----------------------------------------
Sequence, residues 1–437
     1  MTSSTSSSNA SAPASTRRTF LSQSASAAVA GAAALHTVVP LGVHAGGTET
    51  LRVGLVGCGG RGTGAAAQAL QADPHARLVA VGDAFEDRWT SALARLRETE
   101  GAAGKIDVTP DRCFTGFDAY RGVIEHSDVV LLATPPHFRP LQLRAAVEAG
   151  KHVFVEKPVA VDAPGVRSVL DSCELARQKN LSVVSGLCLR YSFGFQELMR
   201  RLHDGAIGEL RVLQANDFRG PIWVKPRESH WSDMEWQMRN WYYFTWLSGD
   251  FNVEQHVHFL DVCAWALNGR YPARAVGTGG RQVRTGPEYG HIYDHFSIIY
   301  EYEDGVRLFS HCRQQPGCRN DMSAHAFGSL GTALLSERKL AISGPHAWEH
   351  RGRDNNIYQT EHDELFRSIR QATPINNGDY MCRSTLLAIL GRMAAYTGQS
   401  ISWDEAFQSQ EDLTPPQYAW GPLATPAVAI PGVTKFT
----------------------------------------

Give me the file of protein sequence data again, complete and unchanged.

Sequence, residues 1–437
     1  MTSSTSSSNA SAPASTRRTF LSQSASAAVA GAAALHTVVP LGVHAGGTET
    51  LRVGLVGCGG RGTGAAAQAL QADPHARLVA VGDAFEDRWT SALARLRETE
   101  GAAGKIDVTP DRCFTGFDAY RGVIEHSDVV LLATPPHFRP LQLRAAVEAG
   151  KHVFVEKPVA VDAPGVRSVL DSCELARQKN LSVVSGLCLR YSFGFQELMR
   201  RLHDGAIGEL RVLQANDFRG PIWVKPRESH WSDMEWQMRN WYYFTWLSGD
   251  FNVEQHVHFL DVCAWALNGR YPARAVGTGG RQVRTGPEYG HIYDHFSIIY
   301  EYEDGVRLFS HCRQQPGCRN DMSAHAFGSL GTALLSERKL AISGPHAWEH
   351  RGRDNNIYQT EHDELFRSIR QATPINNGDY MCRSTLLAIL GRMAAYTGQS
   401  ISWDEAFQSQ EDLTPPQYAW GPLATPAVAI PGVTKFT